The only surefire approach to coding surgical procedures for stress urinary incontinence in women is to code according to the approach used by the urologist.
Stress urinary incontinence (SUI) is urine leakage that occurs during an activity such as laughing, lifting or sneezing, activities that put pressure, or stress, on the bladder, says Maureen Beckwith, CPC, urology billing specialist with the University of California at San Francisco department of urology. SUI can result from a wide variety of causes, including vaginal deliveries, obesity and even constipation, she adds.
One way to locate the correct procedure code is to use the method of approach documented by the urologist in the operative notes in addition to the patient's diagnosis, Beckwith says.
Stomach Reimbursements With 51840
One surgical method of approach used by urologists is the abdominal approach. Immediately, if the operative documentation says the sole surgical approach used was abdominal, you can narrow your code search to CPT 51840 (Anterior vesicourethropexy, or urethropexy [e.g., Marshall-Marchetti-Krantz, Burch]; simple) and CPT 51841 ( complicated [e.g., secondary repair]).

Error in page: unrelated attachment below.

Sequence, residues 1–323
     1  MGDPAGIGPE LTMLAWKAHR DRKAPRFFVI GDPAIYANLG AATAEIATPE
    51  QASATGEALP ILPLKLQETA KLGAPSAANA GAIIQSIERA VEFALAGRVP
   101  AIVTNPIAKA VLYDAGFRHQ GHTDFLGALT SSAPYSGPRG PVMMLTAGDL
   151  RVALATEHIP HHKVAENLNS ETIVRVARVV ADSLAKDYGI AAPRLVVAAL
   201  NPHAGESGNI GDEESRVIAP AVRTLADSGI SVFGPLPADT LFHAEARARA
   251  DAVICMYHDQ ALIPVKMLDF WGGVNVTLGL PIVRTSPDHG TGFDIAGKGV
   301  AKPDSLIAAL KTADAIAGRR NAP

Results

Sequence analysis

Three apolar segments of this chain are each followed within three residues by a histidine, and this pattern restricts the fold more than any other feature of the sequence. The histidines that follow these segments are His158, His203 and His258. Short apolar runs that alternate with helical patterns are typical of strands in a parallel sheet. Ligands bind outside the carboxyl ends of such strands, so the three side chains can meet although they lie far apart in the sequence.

The following is a summary of what 51840 involves: Using an abdominal approach, the urologist places sutures into the vaginal wall at the level of the urethra or bladder neck and anchors them to either the pubic bone, in which case the procedure is referred to as Marshall-Marchetti-Krantz (MMK), or to Cooper's ligament, designating the surgery a Burch procedure.
Shirley Fullerton, CMBS, CPC, CPC-H, practice management and coding specialist in Las Vegas, and Beckwith proffer some examples of circumstances that classify MMK and Burch procedures as complicated:
If it is a secondary repair
If there is extensive bleeding during surgery
If the patient has adhesions from a previous surgery
If the patient has a prolapse
If the physician has to go through a number of layers.
Time can really be a factor in determining whether a procedure is complicated or simple, Fullerton says. "You can also check to see if there are a lot of additional codes that are not typically required for a standard procedure."
"Even obesity can sometimes be a factor in determining whether a procedure is simple or complicated, which is why it is so important that coders review the operative report," Beckwith advises coders. "If the complication results from something like a previous surgery or injury, list the complication as the third diagnosis code."
A good way to double-check your code selection is to determine whether the patient's diagnosis correlates to procedures [...]